The ACLU of Southern California has long been litigating L.A. jail conditions and has served as court-appointed monitor of the jail — the nation’s largest — since 1985. The new lawsuit, however, includes new first-hand eyewitness accounts from chaplains and other observers of violence. The ACLU has put together a timeline of alleged incidents of abuse; you can also read the full complaint here.

The L.A. Times reports:

“Like members of street gangs, these deputies sport tattoos to signal their gang membership,” the ACLU alleges. “They beat up inmates to gain prestige among their peers, and ‘earn their ink’ by breaking inmates’ bones.”

In an interview with The Times, a recently retired jails commander also said that deputies had formed cliques inside Men’s Central Jail and that some guards earned respect from veteran members of those cliques by using excessive force.

Rikers Island and Irene

leave a comment »

A flurry of concern on Twitter yesterday & today about Bloomberg’s announcement that Rikers Island would not be evacuated as Hurricane Irene headed towards NYC. [Full story after the jump.] Read the rest of this entry »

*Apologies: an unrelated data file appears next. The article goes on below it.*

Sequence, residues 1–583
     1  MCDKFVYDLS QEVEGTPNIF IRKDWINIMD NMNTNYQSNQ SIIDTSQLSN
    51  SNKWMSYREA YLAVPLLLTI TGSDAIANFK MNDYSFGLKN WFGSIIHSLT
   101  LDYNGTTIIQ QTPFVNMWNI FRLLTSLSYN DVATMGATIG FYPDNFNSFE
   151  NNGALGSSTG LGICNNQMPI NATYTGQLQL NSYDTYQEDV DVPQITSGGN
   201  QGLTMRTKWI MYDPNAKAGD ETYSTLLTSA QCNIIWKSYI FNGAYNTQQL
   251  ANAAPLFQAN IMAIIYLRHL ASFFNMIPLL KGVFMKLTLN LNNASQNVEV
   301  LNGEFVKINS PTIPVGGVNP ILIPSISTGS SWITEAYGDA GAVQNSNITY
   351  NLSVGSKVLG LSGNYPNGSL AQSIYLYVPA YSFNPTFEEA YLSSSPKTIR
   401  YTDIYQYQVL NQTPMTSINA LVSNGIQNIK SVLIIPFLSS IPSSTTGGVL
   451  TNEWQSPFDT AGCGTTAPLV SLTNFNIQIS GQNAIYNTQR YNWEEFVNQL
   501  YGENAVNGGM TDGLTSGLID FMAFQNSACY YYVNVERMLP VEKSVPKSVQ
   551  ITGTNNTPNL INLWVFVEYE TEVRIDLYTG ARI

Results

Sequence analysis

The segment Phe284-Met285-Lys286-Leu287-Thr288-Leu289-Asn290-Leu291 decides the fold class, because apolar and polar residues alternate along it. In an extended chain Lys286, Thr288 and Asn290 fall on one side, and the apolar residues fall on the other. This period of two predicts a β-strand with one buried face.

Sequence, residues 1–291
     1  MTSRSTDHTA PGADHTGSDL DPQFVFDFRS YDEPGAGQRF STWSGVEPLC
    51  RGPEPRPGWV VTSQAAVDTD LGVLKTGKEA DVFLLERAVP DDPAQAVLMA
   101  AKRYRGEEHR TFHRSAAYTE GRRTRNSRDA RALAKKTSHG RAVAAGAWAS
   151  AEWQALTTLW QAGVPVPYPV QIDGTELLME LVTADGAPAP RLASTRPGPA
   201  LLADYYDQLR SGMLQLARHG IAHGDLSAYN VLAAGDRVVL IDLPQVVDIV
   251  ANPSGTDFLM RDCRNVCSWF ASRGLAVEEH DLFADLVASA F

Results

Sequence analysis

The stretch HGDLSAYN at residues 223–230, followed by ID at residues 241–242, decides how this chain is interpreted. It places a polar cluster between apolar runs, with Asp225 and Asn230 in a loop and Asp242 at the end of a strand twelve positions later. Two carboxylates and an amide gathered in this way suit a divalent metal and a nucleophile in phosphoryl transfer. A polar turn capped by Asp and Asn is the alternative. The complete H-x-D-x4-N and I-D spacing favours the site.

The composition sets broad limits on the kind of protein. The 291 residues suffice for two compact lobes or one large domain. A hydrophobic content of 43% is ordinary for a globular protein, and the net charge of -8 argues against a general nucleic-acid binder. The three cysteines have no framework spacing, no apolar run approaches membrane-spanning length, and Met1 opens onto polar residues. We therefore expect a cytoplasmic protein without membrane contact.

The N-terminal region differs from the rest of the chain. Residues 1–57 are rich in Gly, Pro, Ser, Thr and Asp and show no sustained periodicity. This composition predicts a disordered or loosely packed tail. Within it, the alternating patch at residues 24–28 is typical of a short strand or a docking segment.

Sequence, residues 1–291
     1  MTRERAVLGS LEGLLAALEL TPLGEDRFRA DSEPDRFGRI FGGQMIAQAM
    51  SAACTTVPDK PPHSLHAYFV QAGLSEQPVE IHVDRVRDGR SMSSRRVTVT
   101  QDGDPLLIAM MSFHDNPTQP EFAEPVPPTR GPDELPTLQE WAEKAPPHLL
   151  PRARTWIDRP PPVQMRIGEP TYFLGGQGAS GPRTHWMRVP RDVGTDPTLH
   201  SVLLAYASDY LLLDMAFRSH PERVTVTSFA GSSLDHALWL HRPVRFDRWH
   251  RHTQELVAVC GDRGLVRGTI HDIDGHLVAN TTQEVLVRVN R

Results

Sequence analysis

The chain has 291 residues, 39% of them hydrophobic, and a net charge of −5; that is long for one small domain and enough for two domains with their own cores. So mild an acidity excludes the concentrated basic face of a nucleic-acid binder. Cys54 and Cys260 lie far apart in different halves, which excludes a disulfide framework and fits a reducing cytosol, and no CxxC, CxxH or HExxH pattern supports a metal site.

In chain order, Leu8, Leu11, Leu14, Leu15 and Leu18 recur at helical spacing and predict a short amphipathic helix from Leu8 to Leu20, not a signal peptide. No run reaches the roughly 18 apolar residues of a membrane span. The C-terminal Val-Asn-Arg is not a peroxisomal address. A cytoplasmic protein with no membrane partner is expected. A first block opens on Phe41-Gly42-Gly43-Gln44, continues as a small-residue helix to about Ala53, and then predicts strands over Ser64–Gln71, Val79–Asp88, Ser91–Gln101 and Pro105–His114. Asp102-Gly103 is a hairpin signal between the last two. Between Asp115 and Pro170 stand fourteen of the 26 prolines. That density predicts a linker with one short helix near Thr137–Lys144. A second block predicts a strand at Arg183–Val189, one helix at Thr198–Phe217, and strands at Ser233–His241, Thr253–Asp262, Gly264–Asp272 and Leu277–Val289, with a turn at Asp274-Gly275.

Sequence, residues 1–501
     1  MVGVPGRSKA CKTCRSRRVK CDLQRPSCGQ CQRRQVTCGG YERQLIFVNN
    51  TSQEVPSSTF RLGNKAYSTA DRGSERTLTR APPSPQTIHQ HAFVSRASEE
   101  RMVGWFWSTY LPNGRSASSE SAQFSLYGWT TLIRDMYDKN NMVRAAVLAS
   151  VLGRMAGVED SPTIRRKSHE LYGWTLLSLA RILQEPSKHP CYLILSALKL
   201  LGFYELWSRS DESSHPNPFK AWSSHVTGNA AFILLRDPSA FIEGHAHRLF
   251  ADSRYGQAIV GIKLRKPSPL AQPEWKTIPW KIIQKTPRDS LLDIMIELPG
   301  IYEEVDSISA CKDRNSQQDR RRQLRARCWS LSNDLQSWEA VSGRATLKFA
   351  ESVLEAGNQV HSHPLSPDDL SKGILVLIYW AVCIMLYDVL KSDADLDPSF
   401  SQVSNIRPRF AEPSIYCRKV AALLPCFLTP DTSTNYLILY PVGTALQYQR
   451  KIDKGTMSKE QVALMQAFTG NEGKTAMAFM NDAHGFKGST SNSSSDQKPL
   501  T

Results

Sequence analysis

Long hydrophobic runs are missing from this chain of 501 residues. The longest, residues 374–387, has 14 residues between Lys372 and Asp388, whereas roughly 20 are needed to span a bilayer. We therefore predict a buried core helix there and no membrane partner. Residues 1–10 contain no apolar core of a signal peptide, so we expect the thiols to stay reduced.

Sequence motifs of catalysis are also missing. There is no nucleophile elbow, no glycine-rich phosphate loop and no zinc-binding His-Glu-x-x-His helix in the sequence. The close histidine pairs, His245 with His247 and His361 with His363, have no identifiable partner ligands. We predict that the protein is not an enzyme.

SCOTUS Might Take Case on Jailhouse Strip Searches

leave a comment »

Adam Liptak noted earlier this week that the Supreme Court appears likely to grant cert in Florence v. County of Burlington, in which a New Jersey man was arrested, detained for over a week, and repeatedly strip-searched for a supposedly unpaid fine. (Failure to pay a fine is not a crime under New Jersey law — it’s a civil offense — and in any event, the fine actually had been paid.) More info on Florence here at SCOTUSblog. Liptak points to cases out of Atlanta, San Francisco, Philadelphia upholding jailhouse strip searches after any arrest, no matter how minor the charges. So for readers who want more background, I thought I’d note my earlier coverage of some of those earlier opinions. Here are two posts from the archives: